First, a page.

Wednesday, September 23 // 2:00PM ET
For the Gram
Moderated by Jonathan Flowers
The next episode of Theorizing the Web Presents, “For the Gram,” features two new takes on visual culture in social media. In “The Secret Life of Pet Instagrams,” Dr. Jess Maddox demonstrates how pet content on Instagram provides joy and creates communities of care through a process of follower fragmentation. In “Century of the Selfie,” Emily Stainkamp shows that, while selfies may be relatively new, cultural anxiety about what a “self” should be is at least 100 years old — and is often connected to the emergence of new media.
The Secret Life of Pet Instagrams: Follower Fragmentation, “Warm Fuzzies,” and Digital Care
Why do we love pets on social media, and what would compel someone to make an Instagram account exclusively for their pet? Dr. Jess Maddox’s talk, “The secret life of pet Instagram accounts: Joy, resistance, and commodification in the internet’s cute economy” sheds some light on one of the internet’s most adorable phenomena.
Century of the selfie: On the cultural history of narcissism as a social problem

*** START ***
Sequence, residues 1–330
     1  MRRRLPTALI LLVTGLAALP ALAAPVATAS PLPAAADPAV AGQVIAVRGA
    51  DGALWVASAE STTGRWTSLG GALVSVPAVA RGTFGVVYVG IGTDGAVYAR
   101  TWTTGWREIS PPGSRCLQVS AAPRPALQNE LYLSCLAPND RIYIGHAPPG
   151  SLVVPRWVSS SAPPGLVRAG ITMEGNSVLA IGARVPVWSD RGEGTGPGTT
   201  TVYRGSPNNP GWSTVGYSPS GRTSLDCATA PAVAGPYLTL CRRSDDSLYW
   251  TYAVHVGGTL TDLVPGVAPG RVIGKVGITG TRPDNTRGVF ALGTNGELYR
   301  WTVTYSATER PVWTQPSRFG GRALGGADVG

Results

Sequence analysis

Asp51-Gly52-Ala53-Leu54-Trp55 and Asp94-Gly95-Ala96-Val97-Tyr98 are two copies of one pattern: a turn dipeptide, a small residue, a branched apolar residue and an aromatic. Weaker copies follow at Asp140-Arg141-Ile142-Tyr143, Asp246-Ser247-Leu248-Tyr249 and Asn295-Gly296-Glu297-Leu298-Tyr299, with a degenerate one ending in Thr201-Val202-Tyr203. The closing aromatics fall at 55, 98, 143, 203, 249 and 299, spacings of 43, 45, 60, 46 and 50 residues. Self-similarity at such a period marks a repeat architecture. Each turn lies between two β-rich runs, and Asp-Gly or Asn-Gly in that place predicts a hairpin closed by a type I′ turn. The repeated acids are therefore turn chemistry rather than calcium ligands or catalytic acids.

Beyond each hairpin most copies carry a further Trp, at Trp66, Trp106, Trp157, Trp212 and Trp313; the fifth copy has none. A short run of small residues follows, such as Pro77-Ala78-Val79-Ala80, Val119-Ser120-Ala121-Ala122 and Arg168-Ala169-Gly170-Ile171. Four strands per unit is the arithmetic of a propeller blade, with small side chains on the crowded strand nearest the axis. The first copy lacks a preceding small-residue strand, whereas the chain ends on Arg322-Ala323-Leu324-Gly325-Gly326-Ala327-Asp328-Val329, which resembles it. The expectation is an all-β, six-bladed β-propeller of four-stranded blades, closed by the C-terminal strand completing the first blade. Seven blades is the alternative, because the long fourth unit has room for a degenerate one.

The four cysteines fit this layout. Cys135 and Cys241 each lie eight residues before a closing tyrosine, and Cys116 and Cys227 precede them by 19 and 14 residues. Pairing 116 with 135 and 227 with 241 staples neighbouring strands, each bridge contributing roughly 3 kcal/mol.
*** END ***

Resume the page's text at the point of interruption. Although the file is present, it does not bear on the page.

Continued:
In this talk, I will propose a research program that examines the contemporary idea that social media have created a generation of narcissists. The work examines periods in twentieth-century American history where the proliferation of new media technologies was accompanied by increased scholarly, artistic, and cultural interest in the nature of the individual. I will propose that social anxiety about pathological selves has been connected to new media during Freud’s heyday in the 1920s and 30s, as well as following the height of new Left social movements in the 1970s, and finally during the neoliberal turn toward self-esteem in the 1980s.
Jessica Maddox (@DrMadMaddox)
Jess Maddox is an assistant professor in the Department of Journalism and Creative at the University of Alabama. She researches visual social media, internet video culture, and pop culture, and of course, you can find her dogs on Instagram at @TheMaddDogs.
Emily Stainkamp (@raym0ndwilliams)
Emily Stainkamp is a PhD candidate in Journalism and Media Studies at Rutgers University. Her work focuses on social media and subjectivity.
Jonathan Flowers (@shengokai)
is a Visiting Assistant Professor in the Department of Philosophy at Worcester State University. His research focuses on the affective ground of experience and embodiment through American Pragmatism, Phenomenology and East-Asian Philosophy. He also focuses on Pragmatist and cross-cultural approaches to machine intelligence, consciousness, and science and technology studies broadly.